Behavioral Ecology and Sociobiology

, Volume 62, Issue 2, pp 181–191 | Cite as

Pups crying bass: vocal adaptation for avoidance of age-dependent predation risk in ground squirrels?

  • Vera A. Matrosova
  • Ilya A. Volodin
  • Elena V. Volodina
  • Andrey F. Babitsky
Original Paper


In most mammals, larger adult body size correlates with lower fundamental frequency and more closely spaced formants in vocalizations relative to juveniles. In alarm whistles of two free-living rodents, the speckled ground squirrel Spermophilus suslicus and yellow ground squirrel S. fulvus, these cues to body size were absent despite prominent differences in body weight and skull and larynx sizes between juveniles and adults. No significant correlations were found between the individual maximum fundamental frequency and body weight, both within age classes and for pooled samples of all animals within species. Furthermore, the mean alarm whistle maximum fundamental frequencies did not differ significantly between age classes (juvenile versus adult) in the speckled squirrel and were even significantly lower in juvenile yellow squirrels. We discuss the hypothesis that the obfuscation of vocal differences between juvenile and adult squirrels may represent a special adaptation of pup vocal behaviour—a form of “vocal mimicry,” resulting in imitation of adult vocal pattern to avoid infanticide and age-dependent predation risk.


Spermophilus suslicus Spermophilus fulvus Alarm call Vocal mimicry Infanticide Antipredator behaviour 



We thank S.A. Schilova, A.V. Tchabovsky, L.E. Savinetskaya, N.A. Stukolova, and V.S. Popov for collaboration in the field, and M.M. Nagaylik, D.I. Volodina and A.I. Volodin for help with data collection. We sincerely appreciate the assistance of F.J. Dzerjinsky, V.S. Lebedev, and O.G. Iltchenko with the morphological part of our study. We thank A.A. Nikol’skii, O.A. Filatova, T. Riede, and R. Frey for valuable comments and are sincerely grateful to J.F. Hare, D. Blumstein, and an anonymous referee, whose comments were useful and inspiring. This study was supported by the Russian Foundation for Basic Research (grant 06-04-48400). During our work, we adhered to the Guidelines for the Use of Animals in Research (Animal Behaviour, 2006, 71: 245–253) and to the laws of Russian Federation, the country where the research was conducted.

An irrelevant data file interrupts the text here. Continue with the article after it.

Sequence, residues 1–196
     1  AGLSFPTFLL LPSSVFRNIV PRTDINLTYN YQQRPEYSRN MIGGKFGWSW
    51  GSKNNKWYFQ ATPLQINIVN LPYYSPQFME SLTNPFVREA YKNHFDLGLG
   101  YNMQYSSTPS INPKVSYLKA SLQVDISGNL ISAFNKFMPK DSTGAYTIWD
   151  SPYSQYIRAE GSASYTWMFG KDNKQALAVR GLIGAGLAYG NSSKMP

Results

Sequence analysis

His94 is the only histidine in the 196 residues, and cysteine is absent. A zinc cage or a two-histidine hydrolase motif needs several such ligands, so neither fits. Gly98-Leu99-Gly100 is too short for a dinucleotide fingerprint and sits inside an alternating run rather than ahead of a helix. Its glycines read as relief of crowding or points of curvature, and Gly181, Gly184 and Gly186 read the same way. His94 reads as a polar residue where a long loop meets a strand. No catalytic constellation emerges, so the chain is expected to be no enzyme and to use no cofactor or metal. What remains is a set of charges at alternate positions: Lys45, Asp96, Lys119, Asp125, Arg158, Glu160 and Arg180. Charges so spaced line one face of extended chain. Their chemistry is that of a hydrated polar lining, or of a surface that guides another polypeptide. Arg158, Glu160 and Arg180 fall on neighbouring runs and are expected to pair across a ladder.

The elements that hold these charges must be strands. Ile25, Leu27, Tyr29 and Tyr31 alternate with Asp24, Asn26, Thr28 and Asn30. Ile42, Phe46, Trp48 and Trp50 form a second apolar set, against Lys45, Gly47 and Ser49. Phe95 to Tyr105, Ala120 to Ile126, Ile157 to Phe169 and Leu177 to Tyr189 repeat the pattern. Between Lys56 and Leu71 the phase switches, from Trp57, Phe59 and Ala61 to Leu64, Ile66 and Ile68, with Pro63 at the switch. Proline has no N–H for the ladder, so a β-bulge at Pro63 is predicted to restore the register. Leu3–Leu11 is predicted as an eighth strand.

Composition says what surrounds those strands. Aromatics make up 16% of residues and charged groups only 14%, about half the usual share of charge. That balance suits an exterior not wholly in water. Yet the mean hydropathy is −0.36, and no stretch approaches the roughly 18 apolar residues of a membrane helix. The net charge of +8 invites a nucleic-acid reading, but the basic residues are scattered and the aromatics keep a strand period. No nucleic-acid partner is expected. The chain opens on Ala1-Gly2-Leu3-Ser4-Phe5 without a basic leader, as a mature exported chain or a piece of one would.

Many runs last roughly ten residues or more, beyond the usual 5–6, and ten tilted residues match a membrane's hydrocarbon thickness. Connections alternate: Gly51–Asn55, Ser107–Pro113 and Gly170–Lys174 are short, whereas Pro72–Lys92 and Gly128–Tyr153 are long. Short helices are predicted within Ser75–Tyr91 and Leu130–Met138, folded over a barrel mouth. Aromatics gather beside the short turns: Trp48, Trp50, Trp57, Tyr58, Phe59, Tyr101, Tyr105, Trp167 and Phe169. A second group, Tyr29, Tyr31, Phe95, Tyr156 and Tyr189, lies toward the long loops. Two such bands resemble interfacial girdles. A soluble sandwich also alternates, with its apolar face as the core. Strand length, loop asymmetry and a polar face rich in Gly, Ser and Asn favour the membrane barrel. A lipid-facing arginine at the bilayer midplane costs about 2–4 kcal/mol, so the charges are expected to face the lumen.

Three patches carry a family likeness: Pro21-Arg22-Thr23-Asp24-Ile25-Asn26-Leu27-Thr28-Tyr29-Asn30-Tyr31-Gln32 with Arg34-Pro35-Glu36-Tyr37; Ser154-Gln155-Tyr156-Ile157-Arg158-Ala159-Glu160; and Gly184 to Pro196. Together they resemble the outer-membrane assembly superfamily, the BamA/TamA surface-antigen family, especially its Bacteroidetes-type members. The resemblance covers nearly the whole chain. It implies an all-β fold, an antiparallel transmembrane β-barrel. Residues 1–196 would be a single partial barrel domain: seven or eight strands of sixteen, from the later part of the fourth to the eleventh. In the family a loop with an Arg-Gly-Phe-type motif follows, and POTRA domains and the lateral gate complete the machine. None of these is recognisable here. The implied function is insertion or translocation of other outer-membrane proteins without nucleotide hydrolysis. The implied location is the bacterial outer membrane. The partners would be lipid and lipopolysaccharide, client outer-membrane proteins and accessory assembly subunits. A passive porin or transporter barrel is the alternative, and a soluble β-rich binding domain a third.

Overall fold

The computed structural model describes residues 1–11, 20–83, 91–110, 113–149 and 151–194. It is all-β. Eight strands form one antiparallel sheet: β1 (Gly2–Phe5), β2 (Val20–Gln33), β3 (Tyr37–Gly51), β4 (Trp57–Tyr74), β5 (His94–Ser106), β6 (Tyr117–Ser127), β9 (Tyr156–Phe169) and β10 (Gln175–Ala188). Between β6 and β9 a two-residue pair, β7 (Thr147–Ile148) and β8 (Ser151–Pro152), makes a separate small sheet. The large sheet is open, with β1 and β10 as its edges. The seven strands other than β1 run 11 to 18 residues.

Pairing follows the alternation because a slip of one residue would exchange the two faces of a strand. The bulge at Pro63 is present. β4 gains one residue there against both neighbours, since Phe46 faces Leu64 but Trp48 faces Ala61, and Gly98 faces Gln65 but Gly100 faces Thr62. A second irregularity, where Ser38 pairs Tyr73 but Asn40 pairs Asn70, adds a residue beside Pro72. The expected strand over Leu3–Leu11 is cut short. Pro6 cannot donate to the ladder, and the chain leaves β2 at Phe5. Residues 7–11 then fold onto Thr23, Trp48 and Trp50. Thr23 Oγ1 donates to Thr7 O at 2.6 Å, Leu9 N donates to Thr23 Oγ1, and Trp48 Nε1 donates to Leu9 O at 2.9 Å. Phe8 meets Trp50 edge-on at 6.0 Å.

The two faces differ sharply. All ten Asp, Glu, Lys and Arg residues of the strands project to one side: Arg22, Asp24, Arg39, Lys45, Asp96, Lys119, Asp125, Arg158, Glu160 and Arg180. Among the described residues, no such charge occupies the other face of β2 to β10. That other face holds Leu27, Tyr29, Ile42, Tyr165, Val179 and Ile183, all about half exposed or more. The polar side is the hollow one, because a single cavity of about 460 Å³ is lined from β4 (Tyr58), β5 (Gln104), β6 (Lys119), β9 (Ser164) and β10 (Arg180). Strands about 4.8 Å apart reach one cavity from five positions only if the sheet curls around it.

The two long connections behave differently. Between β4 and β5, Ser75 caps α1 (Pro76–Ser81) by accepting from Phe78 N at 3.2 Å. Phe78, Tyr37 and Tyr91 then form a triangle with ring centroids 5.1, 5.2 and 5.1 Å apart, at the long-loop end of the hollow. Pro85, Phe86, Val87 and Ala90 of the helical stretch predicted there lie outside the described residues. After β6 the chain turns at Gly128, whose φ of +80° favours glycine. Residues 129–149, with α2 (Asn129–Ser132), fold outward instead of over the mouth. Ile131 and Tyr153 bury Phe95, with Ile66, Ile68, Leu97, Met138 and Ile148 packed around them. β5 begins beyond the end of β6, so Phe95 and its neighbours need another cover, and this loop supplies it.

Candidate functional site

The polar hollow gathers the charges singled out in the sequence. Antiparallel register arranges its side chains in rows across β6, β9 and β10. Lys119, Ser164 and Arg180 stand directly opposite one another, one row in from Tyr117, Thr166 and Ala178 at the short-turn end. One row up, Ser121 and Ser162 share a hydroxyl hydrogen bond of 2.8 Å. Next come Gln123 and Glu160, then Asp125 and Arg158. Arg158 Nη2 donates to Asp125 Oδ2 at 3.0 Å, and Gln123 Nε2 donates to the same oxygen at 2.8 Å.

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Copyright information

© Springer-Verlag 2007

Authors and Affiliations

  • Vera A. Matrosova
    • 1
  • Ilya A. Volodin
    • 1
    • 2
  • Elena V. Volodina
    • 2
  • Andrey F. Babitsky
    • 3
  1. 1.Department of Vertebrate Zoology, Faculty of BiologyLomonosov Moscow State UniversityMoscowRussia
  2. 2.Scientific Research DepartmentMoscow ZooMoscowRussia
  3. 3.Severtsov Institute of Ecology and EvolutionRussian Academy of SciencesMoscowRussia

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